FIG. 14 shows the set of functional operations constituting the startup procedure superblock 190. The first thing to note is that the figure defines a set of variable blocks. The variable blocks are used to define the global variables used in the asynchronous processing of the invention. The variable blocks are selected from the menu as a type of functional operation. The selection of functional operations for the present invention is achieved in the manner described in the prior art, specifically, in the manner described in the '179 patent. The invention herein is not directed toward this feature, rather, the invention is directed toward the new class of superblocks and variable blocks.

In any event, startup procedure superblock 190 serves to initialize global variables of the asynchronous real-time controller. FIG. 14 shows a minus one (-1) value being written to the variable block "degree", a zero (0) value being written to the variable blocks "action-- 1" and "action-- 2" and a one (1) value being written to the "timer-- reset" variable block. These operations constitute the startup procedure initialization tasks required to characterize the physical system of FIG. 11.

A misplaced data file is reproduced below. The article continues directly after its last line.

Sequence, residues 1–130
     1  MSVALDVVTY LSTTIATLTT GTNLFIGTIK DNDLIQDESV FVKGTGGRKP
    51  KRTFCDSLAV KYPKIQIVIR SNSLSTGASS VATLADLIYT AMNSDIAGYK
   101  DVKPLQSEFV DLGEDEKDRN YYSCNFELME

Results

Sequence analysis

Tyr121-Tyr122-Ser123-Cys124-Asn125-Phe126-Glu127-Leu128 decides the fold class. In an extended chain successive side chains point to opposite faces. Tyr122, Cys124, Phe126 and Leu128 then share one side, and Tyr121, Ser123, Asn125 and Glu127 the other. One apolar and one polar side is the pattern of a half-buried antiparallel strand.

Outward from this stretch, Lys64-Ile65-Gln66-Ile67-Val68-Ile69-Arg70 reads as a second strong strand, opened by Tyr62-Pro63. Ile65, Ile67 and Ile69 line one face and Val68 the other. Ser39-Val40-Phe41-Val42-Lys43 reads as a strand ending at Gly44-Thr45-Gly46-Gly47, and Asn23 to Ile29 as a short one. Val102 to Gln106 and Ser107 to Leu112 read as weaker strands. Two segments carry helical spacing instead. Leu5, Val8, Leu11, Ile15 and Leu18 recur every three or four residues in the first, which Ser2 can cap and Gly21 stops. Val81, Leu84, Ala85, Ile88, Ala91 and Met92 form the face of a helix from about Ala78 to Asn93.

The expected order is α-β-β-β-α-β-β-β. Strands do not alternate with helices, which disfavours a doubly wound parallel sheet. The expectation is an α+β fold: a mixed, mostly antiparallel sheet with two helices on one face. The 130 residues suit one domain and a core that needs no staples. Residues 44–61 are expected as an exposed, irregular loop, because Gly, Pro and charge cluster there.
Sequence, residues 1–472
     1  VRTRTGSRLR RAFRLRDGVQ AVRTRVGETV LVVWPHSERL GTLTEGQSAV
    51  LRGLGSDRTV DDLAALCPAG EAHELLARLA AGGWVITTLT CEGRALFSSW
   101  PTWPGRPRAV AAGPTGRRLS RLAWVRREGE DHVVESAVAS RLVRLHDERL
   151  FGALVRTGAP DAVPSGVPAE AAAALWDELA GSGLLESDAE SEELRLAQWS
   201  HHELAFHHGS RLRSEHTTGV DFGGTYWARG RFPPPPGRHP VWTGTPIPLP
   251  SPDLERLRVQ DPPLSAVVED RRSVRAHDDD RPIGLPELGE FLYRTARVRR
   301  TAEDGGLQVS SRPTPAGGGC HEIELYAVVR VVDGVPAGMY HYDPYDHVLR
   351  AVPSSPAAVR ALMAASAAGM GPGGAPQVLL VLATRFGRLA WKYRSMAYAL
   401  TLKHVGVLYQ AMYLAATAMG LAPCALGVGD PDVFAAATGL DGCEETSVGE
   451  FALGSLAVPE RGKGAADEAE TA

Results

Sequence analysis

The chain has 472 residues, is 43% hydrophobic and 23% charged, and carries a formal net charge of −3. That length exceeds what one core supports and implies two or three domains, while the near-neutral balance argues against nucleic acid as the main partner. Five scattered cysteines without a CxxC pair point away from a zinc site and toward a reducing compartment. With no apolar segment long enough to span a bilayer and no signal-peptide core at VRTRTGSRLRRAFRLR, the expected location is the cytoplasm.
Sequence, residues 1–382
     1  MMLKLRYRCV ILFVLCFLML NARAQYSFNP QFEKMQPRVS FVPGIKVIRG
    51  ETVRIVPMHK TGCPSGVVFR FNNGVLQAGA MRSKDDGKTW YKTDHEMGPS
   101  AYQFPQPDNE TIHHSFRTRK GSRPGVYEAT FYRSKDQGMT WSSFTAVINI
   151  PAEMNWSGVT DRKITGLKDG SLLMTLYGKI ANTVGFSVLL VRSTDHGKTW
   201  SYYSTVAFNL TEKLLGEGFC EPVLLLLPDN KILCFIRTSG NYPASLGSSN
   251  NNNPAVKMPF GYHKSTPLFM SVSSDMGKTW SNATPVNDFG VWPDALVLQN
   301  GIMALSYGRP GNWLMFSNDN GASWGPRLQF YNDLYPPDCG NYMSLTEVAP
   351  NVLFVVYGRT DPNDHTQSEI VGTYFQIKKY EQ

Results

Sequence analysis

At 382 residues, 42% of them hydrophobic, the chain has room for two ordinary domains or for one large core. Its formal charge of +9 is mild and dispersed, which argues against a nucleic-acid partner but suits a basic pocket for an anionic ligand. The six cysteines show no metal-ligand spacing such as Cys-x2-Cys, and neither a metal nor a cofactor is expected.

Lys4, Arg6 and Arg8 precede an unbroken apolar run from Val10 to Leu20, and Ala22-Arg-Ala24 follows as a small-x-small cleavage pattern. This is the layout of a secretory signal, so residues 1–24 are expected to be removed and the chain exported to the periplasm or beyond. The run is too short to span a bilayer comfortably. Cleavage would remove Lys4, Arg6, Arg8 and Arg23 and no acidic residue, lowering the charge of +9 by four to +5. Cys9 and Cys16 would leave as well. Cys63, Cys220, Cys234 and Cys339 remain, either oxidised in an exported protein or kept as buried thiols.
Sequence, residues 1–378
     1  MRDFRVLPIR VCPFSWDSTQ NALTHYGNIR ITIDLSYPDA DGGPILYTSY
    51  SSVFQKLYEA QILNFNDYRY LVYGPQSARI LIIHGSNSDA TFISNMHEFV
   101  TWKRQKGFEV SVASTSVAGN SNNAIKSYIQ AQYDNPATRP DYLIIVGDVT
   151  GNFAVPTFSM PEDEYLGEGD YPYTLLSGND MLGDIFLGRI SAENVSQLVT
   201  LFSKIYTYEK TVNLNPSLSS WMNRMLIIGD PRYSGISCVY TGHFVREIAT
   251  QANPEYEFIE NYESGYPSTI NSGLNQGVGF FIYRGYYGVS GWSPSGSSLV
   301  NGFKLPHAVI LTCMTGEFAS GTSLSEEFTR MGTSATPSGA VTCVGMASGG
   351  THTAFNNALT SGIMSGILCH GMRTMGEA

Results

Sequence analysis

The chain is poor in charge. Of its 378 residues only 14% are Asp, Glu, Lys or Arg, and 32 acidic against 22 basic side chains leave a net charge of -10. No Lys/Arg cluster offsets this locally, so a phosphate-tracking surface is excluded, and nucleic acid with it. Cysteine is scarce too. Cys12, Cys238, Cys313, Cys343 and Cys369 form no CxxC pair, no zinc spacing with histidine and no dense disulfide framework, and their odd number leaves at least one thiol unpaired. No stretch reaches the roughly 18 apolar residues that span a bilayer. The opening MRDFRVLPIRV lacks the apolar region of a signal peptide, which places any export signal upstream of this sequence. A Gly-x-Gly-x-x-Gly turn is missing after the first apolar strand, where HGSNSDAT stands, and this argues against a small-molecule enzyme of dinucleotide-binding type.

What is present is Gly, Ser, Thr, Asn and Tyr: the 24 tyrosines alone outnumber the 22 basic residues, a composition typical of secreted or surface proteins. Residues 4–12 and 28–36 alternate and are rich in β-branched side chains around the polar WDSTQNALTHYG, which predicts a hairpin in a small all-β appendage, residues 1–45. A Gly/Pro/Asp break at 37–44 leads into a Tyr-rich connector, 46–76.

FIG. 15 shows the functional decomposition of the background procedure 192 superblock for the real-time system of FIG. 11. The background procedure of the invention creates a continuously looping operation. As shown in FIG. 15, the background procedure initially involves reading from the variable block "degree". The variable "degree" value is compared to negative one (-1), if the variable "degree" is greater than negative one (-1), then the shaft of the real-time system is synchronized to the controller 146 and a control action is called. Recall that the variable "degree" was initialized in the start-up procedure to a value of negative one (-1). If the degree value is not greater than negative one (-1), then a "no control action" is called, as will be described below.